The Day the Law Died (progs 89-108, 1978-1979) was the basis of the Judge Dredd motion picture (1995), albeit with Cal replaced by Dredd’s clone brother Rico and loveable oaf Fergee replaced by the distinctly unloveable Fergie, played by Rob Schneider.

An alternate Cal appeared in dimension hopping series Helter Skelter (progs 1250-1261, 2001).

Call-Me-Kenneth
Call-Me-Kenneth was the revolutionary leader of the robot rebellion in the Robot Wars, the first multi-part Judge Dredd story, which also marked a return to the strip by creator John Wagner after initially walking away due to conflict between him and commissioning editor Pat Mills (progs 10–17, 1977).

With clear allusions to Jesus, Call-Me-Kenneth is originally a carpenter droid who rebels against his brutal master. He is eventually brought to heel by Dredd and his sycophantic servant droid Walter, in what is a highly satirical story (a personal favourite).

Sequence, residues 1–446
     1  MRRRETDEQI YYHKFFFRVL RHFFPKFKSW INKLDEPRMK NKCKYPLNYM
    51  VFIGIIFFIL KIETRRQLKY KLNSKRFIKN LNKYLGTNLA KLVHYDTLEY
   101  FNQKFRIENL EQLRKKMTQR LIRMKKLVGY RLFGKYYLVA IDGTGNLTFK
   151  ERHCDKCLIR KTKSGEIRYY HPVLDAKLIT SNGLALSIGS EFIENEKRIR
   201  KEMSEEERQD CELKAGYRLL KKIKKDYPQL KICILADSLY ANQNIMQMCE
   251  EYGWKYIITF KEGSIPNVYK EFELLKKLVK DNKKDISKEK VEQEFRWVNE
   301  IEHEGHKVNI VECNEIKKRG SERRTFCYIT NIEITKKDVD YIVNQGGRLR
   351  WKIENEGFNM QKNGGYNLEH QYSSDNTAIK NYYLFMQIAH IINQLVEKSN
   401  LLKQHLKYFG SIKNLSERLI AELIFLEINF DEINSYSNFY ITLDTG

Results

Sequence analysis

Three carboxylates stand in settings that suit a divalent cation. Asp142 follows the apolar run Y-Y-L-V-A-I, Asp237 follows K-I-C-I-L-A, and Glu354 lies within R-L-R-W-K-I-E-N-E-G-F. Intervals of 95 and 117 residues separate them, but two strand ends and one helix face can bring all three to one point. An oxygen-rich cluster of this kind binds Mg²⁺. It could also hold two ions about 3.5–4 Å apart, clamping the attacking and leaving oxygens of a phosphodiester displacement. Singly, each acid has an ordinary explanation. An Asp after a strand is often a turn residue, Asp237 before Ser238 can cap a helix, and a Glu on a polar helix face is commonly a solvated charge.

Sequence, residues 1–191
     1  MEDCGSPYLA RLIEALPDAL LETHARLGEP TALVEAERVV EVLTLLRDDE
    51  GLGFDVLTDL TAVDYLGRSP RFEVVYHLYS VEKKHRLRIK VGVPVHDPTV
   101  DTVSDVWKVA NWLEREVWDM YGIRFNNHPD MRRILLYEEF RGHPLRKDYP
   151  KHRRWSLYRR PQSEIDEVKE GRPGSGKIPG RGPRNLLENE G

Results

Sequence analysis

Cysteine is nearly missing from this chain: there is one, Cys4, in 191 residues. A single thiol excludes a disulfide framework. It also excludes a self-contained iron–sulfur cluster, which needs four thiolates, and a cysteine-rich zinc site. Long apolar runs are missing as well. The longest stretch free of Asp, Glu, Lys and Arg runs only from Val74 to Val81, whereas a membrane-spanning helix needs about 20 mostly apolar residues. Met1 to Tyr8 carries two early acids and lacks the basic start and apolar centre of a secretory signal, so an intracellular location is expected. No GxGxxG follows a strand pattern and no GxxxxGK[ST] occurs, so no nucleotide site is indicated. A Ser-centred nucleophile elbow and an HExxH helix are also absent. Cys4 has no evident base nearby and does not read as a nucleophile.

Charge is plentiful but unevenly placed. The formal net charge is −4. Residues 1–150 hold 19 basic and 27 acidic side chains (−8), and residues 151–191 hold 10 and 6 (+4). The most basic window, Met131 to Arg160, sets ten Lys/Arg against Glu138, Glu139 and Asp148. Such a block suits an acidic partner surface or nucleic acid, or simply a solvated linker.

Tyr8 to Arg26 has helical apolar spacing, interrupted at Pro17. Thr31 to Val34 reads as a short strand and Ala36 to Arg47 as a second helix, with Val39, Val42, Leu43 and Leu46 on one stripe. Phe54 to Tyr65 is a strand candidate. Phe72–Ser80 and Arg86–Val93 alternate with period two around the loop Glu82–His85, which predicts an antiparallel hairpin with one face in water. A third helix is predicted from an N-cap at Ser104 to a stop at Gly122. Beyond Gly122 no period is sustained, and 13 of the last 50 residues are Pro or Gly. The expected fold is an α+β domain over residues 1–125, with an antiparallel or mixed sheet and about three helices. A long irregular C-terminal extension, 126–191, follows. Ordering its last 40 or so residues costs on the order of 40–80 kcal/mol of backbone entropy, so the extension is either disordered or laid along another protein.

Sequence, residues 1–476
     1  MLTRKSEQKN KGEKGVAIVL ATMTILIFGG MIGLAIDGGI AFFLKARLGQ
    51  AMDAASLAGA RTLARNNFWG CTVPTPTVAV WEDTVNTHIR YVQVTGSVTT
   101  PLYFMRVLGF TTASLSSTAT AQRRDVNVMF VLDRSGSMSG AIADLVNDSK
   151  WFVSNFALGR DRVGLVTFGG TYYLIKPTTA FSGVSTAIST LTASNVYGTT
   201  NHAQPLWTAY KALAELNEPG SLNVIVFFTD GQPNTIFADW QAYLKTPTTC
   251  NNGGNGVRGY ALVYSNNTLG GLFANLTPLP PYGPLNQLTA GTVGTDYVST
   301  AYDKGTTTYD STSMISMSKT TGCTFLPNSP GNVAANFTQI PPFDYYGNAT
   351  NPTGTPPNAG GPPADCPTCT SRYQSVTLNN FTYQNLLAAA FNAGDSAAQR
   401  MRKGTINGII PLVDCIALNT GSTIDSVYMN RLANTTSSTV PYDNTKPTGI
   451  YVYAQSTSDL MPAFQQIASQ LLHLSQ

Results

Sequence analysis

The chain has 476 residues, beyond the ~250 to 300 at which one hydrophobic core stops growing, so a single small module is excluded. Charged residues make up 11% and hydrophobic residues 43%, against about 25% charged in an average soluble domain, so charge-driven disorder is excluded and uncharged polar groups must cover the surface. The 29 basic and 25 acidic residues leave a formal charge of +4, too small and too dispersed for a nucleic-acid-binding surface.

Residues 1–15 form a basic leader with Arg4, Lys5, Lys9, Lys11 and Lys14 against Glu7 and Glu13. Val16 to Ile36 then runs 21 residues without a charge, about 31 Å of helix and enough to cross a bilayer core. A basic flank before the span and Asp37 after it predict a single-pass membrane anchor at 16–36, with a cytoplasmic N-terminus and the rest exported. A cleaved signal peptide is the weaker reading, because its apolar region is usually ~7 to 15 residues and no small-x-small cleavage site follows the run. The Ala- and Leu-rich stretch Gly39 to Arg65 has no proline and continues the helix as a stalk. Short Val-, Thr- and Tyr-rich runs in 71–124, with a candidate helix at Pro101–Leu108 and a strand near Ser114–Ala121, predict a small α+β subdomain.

A Beginner’s Guide To Comics: A Response

I had originally written this as a comment to Andrew Hickey’s Beginner’s Guide to Comics, but I thought I would add it here instead. First go away and read his article and then come back to this:

Andrew’s is a good list which I would broadly agree with. Jaka’s Story was one of those strips which was being hailed during the “Pow! Comics Grow Up!” period of the late 80s. I’d like my older self to give it a read – I certainly remember the ending being very powerful. But as he recognises there is that Dave Sim “ick” factor which stops me from rushing.